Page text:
How Remote Work Impacts our Environment
How remote work has a lasting positive impact on our environment
This is our 6th Blog in our series about remote work and discusses the positive aspects it has on the environment and corporate sustainability goals. We are incredibly grateful to have a business that can operate with a home-based team. Operating as a remote customer service outsourcer (without brick and mortar facilities) since 2014, VIPdesk has helped improve the lives of our home-based team members by offering a flexible role that promotes life balance. What we hadn’t considered were the benefits to the environment that would be realized as a result.
Over 2 years ago, we started on our journey to become a B Corp. This is a well-recognized certification for companies that meet rigorous standards to improve the workforce, the environment and the community. We earned our B Corp certification in December 2019.
Initially, we thought we certification would result quickly due to our at-home staffing model. We have operated as a home model because we wanted to deliver an elevated customer experience, not to be a green company. Despite sustainability being a primary component to B Corp certification, we initially focused more on employee and culture than on our environmental impact. However, since joining the ranks of over 3,500 certified B Corps, we realize our remote model does in fact have a compelling environmental component.
As a remote, home-based call center, VIPdesk no longer has team members commuting to offices, buying professional wardrobes, using office consumable resource like paper and plastics, etc. What we can share is that our team saved money by working remotely every day. The savings they experience results from not having to pay for gas, cars, professional wardrobes, dry cleaning bills, coffee shops, eating meals out, and more.. Not only has the team benefited, but we have been doing our part for the good of our environment as well. (Our Podcast, Path to Good also covers more about the benefits for team members)
Most forward-thinking businesses, including certified B Corporations, have sustainability goals. During these COVID-19 times, many companies may not realize that their remote based employees are major contributors to helping them achieve some of these goals.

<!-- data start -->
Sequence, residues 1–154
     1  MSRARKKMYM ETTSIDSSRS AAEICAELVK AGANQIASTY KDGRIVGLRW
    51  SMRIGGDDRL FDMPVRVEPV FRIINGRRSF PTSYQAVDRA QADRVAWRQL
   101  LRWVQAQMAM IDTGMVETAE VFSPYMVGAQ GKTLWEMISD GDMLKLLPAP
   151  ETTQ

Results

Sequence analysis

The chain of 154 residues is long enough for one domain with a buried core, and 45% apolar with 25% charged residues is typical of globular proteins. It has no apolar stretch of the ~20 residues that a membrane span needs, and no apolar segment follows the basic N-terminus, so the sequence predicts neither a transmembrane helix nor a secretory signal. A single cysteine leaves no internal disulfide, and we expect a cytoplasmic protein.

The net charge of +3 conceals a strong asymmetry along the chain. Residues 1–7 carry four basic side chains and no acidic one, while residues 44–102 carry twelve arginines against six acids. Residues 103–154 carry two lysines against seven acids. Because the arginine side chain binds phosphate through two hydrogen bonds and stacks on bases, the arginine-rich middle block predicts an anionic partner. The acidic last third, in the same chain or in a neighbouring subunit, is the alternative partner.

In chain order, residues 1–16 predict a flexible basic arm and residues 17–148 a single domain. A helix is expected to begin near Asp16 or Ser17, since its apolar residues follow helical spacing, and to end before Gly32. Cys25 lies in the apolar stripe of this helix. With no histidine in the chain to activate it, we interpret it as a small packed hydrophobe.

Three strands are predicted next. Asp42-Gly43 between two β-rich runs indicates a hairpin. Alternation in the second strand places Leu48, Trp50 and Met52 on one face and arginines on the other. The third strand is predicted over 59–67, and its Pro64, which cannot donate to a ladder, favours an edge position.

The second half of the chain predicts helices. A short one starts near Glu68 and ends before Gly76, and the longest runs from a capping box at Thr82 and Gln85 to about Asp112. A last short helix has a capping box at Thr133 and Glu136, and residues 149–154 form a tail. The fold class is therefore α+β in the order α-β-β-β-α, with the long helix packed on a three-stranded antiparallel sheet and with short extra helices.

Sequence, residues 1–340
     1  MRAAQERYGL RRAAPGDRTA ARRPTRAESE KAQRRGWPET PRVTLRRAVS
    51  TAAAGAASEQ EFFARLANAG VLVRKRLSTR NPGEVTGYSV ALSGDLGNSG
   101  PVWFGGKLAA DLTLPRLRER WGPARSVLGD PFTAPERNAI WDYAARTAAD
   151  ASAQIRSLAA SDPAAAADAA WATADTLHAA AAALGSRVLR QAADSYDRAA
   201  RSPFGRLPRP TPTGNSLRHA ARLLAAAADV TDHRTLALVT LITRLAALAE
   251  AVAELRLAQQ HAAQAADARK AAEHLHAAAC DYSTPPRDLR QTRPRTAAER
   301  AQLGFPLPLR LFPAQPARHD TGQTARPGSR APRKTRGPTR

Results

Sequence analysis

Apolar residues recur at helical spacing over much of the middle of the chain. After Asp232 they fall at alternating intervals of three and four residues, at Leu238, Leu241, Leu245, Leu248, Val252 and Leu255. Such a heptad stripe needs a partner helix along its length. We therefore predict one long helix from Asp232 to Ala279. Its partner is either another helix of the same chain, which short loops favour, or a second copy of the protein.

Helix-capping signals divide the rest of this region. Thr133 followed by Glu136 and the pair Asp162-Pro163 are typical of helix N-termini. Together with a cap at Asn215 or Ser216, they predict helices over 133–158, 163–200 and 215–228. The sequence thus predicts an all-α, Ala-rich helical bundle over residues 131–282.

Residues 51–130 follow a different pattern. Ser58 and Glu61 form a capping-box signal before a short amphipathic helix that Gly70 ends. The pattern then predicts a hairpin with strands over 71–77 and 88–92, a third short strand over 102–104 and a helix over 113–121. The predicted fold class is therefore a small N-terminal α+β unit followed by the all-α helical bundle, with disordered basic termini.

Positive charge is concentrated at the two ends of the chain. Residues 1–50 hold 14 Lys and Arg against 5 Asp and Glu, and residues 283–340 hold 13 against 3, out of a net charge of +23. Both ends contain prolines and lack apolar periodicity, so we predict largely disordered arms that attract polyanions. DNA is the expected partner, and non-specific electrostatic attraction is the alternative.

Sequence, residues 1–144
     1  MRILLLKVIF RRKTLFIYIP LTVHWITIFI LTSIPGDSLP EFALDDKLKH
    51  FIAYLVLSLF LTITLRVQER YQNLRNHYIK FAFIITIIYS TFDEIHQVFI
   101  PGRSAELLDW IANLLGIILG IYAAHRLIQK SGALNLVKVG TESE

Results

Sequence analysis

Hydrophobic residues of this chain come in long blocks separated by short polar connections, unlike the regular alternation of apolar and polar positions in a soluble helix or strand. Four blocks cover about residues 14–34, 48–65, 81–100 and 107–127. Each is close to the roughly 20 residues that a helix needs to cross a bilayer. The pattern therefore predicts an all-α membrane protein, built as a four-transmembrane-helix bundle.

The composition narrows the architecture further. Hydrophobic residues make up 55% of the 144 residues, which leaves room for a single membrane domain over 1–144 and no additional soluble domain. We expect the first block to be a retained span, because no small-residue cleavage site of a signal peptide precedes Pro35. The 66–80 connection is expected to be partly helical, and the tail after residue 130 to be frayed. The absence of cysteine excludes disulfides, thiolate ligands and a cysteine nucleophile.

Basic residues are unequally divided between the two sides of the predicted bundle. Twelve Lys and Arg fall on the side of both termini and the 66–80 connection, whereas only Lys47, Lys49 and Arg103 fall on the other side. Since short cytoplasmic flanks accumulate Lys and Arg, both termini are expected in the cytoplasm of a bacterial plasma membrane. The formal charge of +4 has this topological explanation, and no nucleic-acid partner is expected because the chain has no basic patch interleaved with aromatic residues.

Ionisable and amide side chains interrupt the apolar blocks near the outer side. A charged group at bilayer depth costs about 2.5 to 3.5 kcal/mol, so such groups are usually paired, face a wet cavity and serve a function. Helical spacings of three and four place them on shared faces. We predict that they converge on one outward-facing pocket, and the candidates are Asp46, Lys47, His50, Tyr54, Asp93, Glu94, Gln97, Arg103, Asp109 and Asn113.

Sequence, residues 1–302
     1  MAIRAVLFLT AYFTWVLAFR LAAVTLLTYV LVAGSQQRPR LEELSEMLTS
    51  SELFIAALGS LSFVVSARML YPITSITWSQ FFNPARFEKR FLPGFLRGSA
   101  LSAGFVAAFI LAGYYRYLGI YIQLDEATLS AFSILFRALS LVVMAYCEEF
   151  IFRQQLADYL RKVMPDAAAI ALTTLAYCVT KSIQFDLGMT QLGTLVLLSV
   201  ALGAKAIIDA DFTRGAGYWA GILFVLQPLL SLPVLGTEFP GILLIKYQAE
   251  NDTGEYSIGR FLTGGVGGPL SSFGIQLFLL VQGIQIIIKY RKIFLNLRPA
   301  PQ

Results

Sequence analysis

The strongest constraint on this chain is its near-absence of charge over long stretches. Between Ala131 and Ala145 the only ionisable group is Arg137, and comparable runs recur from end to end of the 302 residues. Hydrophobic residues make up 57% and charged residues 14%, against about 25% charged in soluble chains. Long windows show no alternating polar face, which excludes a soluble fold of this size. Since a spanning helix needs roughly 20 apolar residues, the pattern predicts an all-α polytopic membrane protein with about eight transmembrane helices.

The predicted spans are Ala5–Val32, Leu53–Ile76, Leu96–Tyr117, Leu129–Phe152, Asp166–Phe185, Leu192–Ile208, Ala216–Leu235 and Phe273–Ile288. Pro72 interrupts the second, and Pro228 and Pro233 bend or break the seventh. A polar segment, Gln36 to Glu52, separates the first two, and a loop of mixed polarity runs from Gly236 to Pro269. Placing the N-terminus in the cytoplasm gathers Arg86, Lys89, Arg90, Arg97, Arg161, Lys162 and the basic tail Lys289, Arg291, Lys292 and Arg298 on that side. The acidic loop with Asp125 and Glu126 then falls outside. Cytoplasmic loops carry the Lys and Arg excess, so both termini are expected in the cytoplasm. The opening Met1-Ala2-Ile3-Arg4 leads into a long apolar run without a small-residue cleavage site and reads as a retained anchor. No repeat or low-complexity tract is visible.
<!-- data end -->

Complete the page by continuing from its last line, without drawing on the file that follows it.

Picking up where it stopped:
4 Ways a Remote Workforce Now Helps Support Business Sustainability Goals
A Remote Workforce Helps Reduce Air Pollution - Have you seen the images of the blues skies above Los Angeles now? Per the EPA, air quality is better than it has been since 1995 and some reports show perhaps going back to the 1940s. With only a fraction of the workforce working from a home office, the impact was not as obvious. Now, of course, the impact is clearly visible in some of the largest cities in the world.
A Remote Workforce Helps Reduce Greenhouse Gases - Commuting is the 2nd largest contributor to greenhouse gas emissions. The EPA says transportation makes up 28% of these emissions. With a remote workforce eliminating the need to commute, the reduction is significant. Some estimate that if all employees in the U.S. worked remotely 100% of the time, greenhouse gases could be reduced by 108 million tons. More and more companies like Dell continue to report on the positive environmental impacts and cost savings associated with flexible work options. Dell's study found that they avoided 6,700 metric tons of greenhouse gas emissions and saved $12 million in 2013 through its Connected Workplace program. Remote workers reduce fossil fuel consumption by not driving to and from work every day.
A Remote Workforce Helps Reduce Office Waste - Virtually based workers also use less paper and plastics. The average office employee uses 10,000 sheets of paper in a year. While it is not a complete offset, it is most common that work from home employees rely primarily on digital interactions. At least this is the case for our organization. The only paper we handle is mail that arrives at our headquarters and that isn’t much.
A Remote Workforce Helps Keep Employees Healthier - A study in a Forbes.com article found that U.K. workers spend an average of 58 minutes commuting to work. Commuting length has been correlated with higher blood pressure and negative mood in the workplace. Remote work removes the need for commuting and the associated negative effects on employees.
During this extremely difficult time, many have had to adjust to working remotely. As a customer service business with a virtual team distributed across the US, we have long believed the benefits for teleworking continue to be realized. Business are adapting and already adjusting. Thanks to remote working, some of the benefits listed above will help companies better support their environmental and sustainability goals.
If you want to learn more about setting up a remote workforce, we’ve published a whole series on work from home tips. Here you’ll find “5 Proven Tips To Set Up a Remote Workforce Successfully.” You can read “5 Best Communication Practices for a Remote Workforce” here. Learn “How To Stay Connected with Your Remote Team” here and “10 Tips for Remote Workers To Keep Their Sanity” here. And finally, read “How To Avoid Loneliness and Find Joy Working Remotely” here.